Maintaining track geometry is key to the safe and efficient operations of a railroad. Failure to properly maintain geometry can lead to costly track structure failures or even more costly derailments. Currently, there exists a number of different methods for measuring track geometry and then if required, maintaining the track to return track geometry to specified levels of acceptance. Because of this need to have proper track geometry, tampers are one of the most common pieces of maintenance equipment in a railroad operation’s fleet. It is therefore paramount from both a cost and track time perspective to gain maximum efficiency from any one particular tamper.
Track geometry is typically measured through a variety of contact and non-contact measurement systems which can mount on a variety of different platforms. With respect to a tamper, a push buggy projector system is typically used to measure track geometry, utilizing the tamper body as the basis for the reference system, Track geometry can be measured utilizing this technology during a prerecording run. Then, the software onboard the tamper analyzes the recorded data to determine the best fit and calculate throws that achieve a better track alignment, particularly in curves. During the tamping operation, the tamper buggy system and frame adjust the track. Due to its design, track geometry measurements can only be made at low speed (roughly 4mph) which can severely affect the efficiency of the tamper. To help decrease pre maintenance inspection times, an inertial based track geometry measurement system has been developed and integrated into the tamper’s operating software. This system can mount directly to the frame of a tamper and operate at hy-rail to very low speeds. Measurements made can be fed directly into the tamper control system to guide where and how track geometry adjustments need to be made.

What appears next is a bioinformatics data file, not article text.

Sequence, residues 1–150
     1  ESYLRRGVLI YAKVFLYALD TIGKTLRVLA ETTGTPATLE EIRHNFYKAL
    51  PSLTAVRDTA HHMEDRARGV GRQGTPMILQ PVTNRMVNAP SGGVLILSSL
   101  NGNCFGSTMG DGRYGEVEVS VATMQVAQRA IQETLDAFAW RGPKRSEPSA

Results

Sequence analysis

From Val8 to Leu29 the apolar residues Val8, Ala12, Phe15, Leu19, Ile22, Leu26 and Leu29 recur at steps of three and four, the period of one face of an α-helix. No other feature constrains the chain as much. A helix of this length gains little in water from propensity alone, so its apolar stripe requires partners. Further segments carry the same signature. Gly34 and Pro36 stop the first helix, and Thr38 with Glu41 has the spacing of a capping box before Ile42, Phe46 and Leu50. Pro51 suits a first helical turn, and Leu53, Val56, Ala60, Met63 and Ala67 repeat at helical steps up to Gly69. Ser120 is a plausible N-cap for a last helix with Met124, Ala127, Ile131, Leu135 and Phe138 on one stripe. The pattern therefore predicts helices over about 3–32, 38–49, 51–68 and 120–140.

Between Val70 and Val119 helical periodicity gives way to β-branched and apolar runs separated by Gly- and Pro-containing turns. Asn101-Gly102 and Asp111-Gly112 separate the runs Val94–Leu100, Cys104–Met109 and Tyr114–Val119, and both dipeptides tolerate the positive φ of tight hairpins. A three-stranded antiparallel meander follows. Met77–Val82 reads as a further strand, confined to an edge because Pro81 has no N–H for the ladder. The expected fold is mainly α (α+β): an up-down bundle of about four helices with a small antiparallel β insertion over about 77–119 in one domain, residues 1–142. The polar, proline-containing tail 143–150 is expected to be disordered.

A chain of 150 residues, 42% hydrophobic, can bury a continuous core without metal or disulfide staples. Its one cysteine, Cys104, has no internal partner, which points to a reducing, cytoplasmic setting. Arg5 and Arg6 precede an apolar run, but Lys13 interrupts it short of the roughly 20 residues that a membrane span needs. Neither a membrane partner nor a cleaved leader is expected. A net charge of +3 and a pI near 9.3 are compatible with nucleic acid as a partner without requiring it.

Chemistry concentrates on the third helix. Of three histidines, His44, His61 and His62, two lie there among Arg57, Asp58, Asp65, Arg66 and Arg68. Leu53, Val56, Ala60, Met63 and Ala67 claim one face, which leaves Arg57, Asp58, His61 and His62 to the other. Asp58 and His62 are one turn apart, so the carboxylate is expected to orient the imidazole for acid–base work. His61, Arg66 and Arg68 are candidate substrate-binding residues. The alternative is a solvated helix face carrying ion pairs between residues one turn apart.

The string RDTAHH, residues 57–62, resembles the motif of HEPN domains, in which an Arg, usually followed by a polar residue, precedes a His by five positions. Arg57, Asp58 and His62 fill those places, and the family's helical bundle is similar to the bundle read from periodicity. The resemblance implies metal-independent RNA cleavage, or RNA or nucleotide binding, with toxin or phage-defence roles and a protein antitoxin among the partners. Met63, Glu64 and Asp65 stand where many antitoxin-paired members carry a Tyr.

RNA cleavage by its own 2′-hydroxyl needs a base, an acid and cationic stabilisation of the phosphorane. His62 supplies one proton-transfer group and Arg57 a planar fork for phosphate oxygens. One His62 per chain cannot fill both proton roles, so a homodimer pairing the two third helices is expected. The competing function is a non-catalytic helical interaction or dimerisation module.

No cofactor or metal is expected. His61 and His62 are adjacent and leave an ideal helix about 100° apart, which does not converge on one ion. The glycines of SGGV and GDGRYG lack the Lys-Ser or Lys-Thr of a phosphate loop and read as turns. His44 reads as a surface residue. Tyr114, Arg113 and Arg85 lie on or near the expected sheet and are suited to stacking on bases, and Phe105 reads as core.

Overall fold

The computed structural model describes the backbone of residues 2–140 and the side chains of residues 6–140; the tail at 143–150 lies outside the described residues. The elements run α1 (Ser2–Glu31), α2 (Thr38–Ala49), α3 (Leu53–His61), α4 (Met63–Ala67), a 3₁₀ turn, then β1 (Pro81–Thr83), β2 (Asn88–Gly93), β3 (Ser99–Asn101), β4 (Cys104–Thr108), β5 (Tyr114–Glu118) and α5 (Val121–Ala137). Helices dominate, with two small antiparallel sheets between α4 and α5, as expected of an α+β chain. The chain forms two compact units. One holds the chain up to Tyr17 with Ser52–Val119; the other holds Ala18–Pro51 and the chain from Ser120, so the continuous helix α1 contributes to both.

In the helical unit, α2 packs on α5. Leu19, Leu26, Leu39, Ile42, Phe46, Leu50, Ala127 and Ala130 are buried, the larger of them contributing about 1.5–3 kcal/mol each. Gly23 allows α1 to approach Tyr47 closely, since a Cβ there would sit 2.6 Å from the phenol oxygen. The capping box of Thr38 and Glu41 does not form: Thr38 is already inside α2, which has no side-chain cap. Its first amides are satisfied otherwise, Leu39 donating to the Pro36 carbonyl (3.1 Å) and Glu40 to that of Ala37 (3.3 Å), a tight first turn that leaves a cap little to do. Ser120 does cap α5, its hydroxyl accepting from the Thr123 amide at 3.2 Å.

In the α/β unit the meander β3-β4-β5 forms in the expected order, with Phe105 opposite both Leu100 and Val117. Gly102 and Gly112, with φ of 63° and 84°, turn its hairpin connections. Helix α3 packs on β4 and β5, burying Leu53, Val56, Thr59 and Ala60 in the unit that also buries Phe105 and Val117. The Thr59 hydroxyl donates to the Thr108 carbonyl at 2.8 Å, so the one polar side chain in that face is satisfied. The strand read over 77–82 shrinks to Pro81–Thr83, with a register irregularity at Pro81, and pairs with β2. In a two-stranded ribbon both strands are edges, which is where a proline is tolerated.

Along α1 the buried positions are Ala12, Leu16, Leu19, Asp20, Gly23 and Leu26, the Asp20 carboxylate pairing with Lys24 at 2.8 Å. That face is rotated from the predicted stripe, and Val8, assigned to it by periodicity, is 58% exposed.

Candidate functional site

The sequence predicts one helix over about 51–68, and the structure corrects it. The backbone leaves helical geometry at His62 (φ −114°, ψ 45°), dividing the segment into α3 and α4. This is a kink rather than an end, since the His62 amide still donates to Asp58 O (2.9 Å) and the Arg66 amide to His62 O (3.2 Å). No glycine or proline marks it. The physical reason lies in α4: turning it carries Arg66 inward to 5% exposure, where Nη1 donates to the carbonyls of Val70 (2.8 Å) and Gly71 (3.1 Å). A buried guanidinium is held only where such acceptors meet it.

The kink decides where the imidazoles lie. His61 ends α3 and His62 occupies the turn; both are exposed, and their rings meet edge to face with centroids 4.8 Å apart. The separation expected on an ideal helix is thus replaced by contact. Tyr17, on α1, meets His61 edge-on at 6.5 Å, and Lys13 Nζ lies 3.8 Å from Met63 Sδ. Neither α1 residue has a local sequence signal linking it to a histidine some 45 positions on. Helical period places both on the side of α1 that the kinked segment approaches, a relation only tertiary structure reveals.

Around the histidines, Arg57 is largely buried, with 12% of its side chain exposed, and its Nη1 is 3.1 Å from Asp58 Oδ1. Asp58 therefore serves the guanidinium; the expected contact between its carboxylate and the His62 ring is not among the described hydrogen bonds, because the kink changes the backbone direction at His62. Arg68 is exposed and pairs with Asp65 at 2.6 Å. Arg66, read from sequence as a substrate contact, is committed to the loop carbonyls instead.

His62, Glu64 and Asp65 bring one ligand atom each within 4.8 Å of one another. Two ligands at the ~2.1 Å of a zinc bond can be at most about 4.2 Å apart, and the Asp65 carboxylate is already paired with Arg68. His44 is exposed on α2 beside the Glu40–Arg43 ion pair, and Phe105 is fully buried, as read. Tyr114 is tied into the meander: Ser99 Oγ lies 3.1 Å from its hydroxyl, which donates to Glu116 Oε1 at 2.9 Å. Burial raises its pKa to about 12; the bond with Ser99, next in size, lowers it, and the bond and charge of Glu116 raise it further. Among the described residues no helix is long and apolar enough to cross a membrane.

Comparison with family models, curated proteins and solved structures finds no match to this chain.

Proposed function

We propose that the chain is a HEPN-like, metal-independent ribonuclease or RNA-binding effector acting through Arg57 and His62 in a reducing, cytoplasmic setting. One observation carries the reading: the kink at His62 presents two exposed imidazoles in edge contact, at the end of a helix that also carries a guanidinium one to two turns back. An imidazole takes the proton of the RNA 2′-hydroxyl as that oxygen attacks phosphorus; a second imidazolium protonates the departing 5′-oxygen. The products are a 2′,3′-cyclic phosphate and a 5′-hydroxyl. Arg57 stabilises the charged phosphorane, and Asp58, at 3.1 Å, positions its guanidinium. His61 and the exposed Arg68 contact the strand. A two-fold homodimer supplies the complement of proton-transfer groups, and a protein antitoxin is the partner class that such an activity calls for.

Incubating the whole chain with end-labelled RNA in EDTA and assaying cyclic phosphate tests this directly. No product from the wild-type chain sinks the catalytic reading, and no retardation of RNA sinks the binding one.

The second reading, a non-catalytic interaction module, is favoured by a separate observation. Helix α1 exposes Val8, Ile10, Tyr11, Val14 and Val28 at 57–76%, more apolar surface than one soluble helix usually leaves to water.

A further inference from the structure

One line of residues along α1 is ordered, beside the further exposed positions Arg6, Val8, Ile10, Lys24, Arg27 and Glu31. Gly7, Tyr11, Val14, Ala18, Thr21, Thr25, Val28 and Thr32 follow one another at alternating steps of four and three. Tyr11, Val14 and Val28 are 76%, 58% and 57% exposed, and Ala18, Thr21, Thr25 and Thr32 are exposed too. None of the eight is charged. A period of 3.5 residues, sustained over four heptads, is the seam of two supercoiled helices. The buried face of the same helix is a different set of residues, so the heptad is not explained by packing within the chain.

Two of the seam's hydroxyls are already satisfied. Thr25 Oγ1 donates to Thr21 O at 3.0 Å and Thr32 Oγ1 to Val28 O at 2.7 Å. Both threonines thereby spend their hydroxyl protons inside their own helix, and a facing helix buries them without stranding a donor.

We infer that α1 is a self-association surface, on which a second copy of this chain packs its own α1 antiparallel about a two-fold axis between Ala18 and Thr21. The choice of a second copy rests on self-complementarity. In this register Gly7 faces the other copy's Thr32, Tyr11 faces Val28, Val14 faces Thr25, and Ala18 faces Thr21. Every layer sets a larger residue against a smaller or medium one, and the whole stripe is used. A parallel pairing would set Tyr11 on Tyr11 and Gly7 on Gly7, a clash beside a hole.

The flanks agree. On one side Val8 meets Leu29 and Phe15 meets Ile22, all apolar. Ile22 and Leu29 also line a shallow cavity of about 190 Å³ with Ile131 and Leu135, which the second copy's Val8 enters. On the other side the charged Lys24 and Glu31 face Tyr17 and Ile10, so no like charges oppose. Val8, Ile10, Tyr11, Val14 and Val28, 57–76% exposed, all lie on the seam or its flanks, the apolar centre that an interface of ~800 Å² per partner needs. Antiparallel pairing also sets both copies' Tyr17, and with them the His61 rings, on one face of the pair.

In addition, the capability to collect data during travel mode without the buggies extended allows for the collection of data at any time. Thus, data can be recorded when traveling back and forth to a stabling location, before and/or after grinding. This allows for synchronization of data at a later time to utilize for adjusting the track. Also, data can be collected post-work to allow for the comparison of pre and post geometry to allow for the determination of the effectiveness of a given tamping operation.
Tampers equipped with this track geometry system facilitate the foundation for an enterprise solution. Data that is measured and collected can be sent to a cloud service, in real time that will provide exception reports, health status, and rail health trend analyses. Utilizing the available technology further optimizes response time in track maintenance.
This paper will introduce this new method of mounting and completely integrating an inertial based track geometry system onto a tamper. In addition, studies will be presented which confirm the ability of this system to replicate the tamper’s projection based track geometry system. Finally, a comprehensive study on efficiency gains will be presented directly comparing a standard method of maintaining a segment via a tamper to this new method of using onboard inertial track geometry measurement.